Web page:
Saturday, November 10, 2007

The Tower is Riddled with Networks

As part of conversation with Tom Haskins and Steve Roesler, Harold Jarche asks What business are you in?

The conversation starts with Steve Roesler descibing a life situation in which his self-employment has probably provided more options than would otherwise be available to corporate employees. In the article, he also related the gist of a conversation with an HR executive. A phrase from that conversation, "This is a business", has sparked an interesting conversation thread with Tom and Harold.

Tom enumerates several excuses offered by business for why companies wall themselves off from networks. At the heart of the concerns is a fear of losing control over their own efforts at perception management.

I particularly like one of Tom's points.
When people say "this is a business" I hear "this is not a viable network".
Harold's question asks us to look at our businesses. Are we in networks or silos?
I’ve noticed that even many so-called “new economy” companies are still based on the command & control models of the industrial age. They’re like dinosaurs wearing mammals’ clothing but they won’t be able to keep warm during the next ice age.
We are indeed creatures of habit.

For what it's worth, we also have so-called "old economy" companies with elaborate informal networks. There are, in fact, riddled with networks. We have good-old boy networks, special interest groups, rumor mills, and leaky channels to outside networks. Are they in fact mammals in disguise? Probably not, but it paints an intriguing picture.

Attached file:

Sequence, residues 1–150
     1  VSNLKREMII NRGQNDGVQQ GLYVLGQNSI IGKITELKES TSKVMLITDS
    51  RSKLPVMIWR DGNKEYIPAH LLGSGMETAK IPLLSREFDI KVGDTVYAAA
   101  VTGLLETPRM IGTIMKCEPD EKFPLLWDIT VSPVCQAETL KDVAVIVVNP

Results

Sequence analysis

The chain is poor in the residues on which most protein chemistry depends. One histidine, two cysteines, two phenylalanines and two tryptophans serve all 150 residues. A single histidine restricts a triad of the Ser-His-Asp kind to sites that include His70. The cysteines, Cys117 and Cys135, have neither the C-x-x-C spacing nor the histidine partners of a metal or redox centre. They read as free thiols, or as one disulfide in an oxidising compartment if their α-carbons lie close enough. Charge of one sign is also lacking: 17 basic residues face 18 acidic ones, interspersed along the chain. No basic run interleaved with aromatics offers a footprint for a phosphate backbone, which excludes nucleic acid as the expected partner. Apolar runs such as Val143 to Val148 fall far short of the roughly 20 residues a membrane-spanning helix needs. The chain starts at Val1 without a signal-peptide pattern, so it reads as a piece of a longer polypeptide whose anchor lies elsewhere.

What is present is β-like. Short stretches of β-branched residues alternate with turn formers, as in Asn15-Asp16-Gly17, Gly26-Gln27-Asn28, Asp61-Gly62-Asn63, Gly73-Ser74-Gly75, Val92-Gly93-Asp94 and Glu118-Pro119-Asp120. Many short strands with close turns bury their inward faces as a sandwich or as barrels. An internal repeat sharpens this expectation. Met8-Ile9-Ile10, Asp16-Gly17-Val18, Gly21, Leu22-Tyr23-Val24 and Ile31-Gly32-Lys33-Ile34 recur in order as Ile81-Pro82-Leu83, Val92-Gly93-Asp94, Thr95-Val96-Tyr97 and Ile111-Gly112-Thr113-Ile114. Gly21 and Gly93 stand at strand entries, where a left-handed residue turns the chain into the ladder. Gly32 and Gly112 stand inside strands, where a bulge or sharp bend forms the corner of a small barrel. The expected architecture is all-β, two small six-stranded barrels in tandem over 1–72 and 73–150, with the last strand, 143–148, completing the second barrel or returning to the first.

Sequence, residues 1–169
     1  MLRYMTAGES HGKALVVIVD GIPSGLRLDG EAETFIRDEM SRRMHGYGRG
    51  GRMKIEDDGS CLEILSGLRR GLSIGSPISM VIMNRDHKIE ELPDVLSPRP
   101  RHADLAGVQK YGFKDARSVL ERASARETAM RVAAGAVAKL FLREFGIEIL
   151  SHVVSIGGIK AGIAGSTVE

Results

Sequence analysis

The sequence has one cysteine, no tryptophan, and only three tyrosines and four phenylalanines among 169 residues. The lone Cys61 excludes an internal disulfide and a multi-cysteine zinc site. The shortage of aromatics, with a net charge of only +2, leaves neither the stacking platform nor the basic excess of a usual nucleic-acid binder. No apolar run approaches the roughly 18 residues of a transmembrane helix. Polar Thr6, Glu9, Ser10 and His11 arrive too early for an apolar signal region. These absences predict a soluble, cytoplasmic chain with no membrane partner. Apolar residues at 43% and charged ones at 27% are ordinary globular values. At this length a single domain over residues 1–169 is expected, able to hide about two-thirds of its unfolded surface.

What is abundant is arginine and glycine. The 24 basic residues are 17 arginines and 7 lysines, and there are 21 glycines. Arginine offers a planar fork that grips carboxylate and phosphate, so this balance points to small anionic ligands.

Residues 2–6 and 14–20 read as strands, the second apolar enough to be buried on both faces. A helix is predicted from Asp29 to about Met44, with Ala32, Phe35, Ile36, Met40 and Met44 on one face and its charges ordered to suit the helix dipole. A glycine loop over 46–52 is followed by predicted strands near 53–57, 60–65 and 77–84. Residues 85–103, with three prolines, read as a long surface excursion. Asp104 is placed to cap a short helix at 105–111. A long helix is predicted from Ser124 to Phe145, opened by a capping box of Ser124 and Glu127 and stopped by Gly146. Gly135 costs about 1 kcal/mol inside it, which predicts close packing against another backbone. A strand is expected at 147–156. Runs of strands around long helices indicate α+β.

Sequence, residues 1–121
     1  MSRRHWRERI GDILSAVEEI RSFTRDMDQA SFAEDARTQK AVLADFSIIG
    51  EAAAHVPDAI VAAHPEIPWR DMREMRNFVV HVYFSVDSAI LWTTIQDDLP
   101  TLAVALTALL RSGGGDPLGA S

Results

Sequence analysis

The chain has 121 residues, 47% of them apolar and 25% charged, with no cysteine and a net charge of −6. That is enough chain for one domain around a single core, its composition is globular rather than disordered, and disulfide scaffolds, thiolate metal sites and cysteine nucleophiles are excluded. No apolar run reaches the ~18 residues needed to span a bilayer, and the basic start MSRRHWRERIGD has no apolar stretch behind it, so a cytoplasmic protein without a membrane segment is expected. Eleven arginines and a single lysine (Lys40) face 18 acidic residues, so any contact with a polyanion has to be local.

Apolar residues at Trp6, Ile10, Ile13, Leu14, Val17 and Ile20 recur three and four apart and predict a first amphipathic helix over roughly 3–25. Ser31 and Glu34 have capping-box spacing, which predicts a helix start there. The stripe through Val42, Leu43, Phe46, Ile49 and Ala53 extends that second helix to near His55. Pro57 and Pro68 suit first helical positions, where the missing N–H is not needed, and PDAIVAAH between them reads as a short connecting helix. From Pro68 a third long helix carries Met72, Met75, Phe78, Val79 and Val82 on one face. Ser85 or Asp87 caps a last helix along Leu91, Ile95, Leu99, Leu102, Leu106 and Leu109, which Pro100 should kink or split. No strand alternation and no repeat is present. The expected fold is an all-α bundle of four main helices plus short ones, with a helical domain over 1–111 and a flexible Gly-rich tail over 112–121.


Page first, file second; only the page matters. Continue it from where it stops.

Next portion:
As a change agent, my primary medium of choice is the informal internal networks. This are where conversations take place. This is where pre-emptive consensus is gained prior to gaining official sign-off. This is where the landmines are pointed out.


Steve Roesler said...

As a result of the 4 blog posts, we've highlighted the impact of of networks vs. silos.

It was one "conversation" that led to another conversation, and another...

Now here we all are, connected and expanding the understanding and application of a common issue.

Does it really get much better than that?!

Keep writing and connecting...

Aloof Schipperke said...

No, it doesn't get much better.

This conversation has prompted me to add another nice blog to my reader. Thanks!